Does London’s clutch of new housing on the South Bank really ‘suit anyone’?
As a journalist living in London and in my twenties, flying the nest any time soon looks unlikely. I did once, for a couple of years, and lived in a cupboard in a former brothel where clients who hadn’t got the memo hammered at the door through the night. Whispers could be heard through the walls; it was always freezing cold; there was no shower; and I loved it.
Now I’m back in the nest, with all my fellow hatchlings (also in their twenties). Mother bakes bread and no-one’s flapping their wings particularly hard. But there’s always that slightly niggling thought that, one day, we’ll have to shape up and ship out.
Painfully aware of this inevitability, I attended the press unveiling of the Southbank Marketing Suite. It’s a car showroom-like space promoting apartments in Squire & Partners’ One York Square, tallest of the eight buildings in the Shell Centre development. The project is a collaboration between Qatari Diar, Canary Wharf Group, Squire & Partners, interior designers of the actual flats Johnson Naylor and interior designers of the marketing suite Goddard Littlefair. I think that’s it … the PR swarm was humming.
Orange juice in hand, I was escorted around the suite and given a glimpse into the grown-up life it’s supposed I should aspire to. The suite ‘experience’ is about the journey, I was told, and from the first few tentative steps to signing on the dotted line, the marketing team/clairvoyants anticipate ‘the touchpoints of the future client’, which include polychromatic rock salt in the kitchen.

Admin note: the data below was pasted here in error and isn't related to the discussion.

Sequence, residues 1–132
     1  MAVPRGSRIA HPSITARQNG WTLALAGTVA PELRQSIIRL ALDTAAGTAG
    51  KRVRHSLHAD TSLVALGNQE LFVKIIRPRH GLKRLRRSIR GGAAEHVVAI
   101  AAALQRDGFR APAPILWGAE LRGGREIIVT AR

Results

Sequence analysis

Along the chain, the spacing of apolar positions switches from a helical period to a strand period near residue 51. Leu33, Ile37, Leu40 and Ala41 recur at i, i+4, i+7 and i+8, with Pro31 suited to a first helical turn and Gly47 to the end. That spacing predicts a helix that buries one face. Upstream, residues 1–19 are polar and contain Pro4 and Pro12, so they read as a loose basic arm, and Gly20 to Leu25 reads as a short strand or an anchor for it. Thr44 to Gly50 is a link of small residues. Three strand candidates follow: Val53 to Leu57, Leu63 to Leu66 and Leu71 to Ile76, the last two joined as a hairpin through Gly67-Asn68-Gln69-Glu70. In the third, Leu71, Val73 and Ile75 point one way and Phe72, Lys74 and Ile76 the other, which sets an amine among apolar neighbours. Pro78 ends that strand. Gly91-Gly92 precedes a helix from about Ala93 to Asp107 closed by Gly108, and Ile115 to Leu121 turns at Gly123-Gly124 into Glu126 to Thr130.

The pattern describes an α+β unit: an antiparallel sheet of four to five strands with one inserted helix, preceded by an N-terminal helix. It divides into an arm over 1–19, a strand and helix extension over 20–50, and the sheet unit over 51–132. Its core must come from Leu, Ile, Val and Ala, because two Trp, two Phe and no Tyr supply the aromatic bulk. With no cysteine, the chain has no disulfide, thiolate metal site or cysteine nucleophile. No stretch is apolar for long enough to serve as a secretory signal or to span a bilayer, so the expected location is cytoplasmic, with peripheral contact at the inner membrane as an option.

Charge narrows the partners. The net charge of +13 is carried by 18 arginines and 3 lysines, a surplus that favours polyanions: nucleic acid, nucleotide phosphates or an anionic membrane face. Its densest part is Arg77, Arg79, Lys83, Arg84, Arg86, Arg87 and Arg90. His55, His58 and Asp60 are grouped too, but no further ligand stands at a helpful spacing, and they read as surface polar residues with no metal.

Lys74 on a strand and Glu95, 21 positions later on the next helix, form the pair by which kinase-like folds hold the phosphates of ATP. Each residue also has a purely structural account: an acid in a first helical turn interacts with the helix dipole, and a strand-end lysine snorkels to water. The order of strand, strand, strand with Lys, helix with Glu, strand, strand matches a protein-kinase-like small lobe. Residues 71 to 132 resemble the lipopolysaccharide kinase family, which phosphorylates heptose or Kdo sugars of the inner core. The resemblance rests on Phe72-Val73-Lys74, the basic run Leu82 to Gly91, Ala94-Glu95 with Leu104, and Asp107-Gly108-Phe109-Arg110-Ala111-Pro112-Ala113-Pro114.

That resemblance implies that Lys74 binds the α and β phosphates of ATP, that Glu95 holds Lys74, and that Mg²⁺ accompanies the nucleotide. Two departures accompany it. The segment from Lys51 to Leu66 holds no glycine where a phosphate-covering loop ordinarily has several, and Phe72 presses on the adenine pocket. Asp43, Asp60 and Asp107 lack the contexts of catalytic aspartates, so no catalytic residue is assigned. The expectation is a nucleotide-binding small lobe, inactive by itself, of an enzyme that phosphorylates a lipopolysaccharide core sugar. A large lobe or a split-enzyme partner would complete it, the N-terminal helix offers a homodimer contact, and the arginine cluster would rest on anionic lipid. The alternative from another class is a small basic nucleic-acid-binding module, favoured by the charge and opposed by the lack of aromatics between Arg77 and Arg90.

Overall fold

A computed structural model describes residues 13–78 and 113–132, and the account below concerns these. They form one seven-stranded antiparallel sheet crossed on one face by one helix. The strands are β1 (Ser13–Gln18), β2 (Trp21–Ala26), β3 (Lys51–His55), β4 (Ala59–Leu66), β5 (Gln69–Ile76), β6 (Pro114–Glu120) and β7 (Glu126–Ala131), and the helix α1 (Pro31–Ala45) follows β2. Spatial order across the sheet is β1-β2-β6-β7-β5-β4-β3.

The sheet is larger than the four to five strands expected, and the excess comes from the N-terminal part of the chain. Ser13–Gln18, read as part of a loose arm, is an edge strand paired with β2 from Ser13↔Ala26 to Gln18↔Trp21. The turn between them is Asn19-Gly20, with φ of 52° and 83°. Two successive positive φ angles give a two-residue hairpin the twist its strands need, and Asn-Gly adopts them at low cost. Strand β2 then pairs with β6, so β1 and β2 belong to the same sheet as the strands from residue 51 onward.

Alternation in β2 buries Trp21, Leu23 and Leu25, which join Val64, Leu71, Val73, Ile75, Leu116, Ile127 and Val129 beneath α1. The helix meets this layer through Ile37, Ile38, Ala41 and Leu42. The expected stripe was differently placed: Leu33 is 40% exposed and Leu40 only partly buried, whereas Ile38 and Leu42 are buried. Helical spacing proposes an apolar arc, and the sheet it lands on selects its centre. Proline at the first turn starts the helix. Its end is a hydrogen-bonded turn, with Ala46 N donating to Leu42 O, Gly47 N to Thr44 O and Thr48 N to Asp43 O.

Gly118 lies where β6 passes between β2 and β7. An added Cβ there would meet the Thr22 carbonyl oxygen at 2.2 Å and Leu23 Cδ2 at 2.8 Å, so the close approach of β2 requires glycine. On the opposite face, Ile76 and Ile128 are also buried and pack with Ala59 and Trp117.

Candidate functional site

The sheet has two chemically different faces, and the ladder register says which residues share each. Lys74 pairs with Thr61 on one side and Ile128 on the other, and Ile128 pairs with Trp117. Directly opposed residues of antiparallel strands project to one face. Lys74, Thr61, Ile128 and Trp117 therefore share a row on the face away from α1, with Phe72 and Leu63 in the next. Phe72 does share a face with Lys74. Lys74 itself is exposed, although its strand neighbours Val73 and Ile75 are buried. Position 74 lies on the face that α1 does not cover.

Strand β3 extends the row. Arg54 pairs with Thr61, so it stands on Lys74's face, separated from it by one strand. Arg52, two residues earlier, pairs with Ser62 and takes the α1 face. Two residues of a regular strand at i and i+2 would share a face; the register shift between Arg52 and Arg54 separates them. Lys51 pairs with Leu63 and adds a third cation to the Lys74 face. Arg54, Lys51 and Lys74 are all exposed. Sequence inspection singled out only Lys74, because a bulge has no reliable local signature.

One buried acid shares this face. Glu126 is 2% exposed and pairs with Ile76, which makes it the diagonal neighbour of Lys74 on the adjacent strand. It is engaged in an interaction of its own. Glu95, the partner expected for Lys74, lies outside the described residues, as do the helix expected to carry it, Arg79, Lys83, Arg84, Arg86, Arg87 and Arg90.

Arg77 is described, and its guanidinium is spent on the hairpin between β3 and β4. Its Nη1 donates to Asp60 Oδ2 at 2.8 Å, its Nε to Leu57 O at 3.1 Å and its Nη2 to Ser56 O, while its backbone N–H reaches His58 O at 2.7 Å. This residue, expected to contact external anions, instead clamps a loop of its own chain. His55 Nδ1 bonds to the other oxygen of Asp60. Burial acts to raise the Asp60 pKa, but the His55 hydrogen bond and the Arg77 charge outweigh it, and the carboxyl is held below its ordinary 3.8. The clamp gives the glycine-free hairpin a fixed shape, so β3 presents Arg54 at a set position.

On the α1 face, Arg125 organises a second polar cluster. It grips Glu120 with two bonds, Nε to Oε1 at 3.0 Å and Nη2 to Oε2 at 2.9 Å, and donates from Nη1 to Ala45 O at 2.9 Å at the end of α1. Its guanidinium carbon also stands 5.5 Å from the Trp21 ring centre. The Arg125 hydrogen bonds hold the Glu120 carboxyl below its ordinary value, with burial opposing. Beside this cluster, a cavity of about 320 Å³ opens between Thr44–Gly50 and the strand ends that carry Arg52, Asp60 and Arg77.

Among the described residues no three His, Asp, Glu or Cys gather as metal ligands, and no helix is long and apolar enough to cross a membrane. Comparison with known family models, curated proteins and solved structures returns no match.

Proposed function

The first stop on the journey was a room filled with models, plans and CGIs showing the exterior of One York Square. I thought I recognised some kindred spirits in the CGI’d young professionals: kicking back in the lobby, discussing weekend plans, and just generally being the future client. That could be me, I thought. It conjured up a vision of drinking artisan gin on my Juliette balcony with one of these CGI Romeos.
The reverie was interrupted when the architect from Squire & Partners took the floor. He kept referring to the tower by its site name, ‘4A’. Each time a pantomime PR chorus chanted back: ‘One York Square!’
In the prototype of the studio apartment, the journey continued. This time it was from the entrance to the kitchen, which was a short journey, though the space in the studio apartments is described as ‘very generous’. Glancing around the space provided more material for my vision. In my future-client avatar, I will have back-up supplies of Aesop hand cream. I will rub my feet at the end of a hard day with pumice stones artfully arranged by the bath. I will read nothing, but will flick through glossy coffee table books on interior design and Kate Moss. I will whip up a white asparagus tart, seasoned with aforementioned rock salt.
I didn’t warm to the cold and cumbersome marble worktops, the clinical white cupboards and furniture and the dark timber floors. Yet I was assured that the design is ‘unimposing’, ‘subtle’ and ‘suits anyone’.
Anyone? I asked one of the PRs. Well not quite anyone: ‘It’s about this small word “taste”.’
I left the marketing suite with a clearer idea of the self I must become, and a ‘brochure’ the size of a glossy coffee table book for further study.
Though it’s very clear what kind of taste you need to develop to become the future client, it doesn’t come cheap. At £540,000 for a studio apartment, or £14,700 per square metre, I as the future client will have to be earning 22 times the median London income. So unless it works out with the CGI Romeo, I think it’s back to the nest, or the brothel, for me.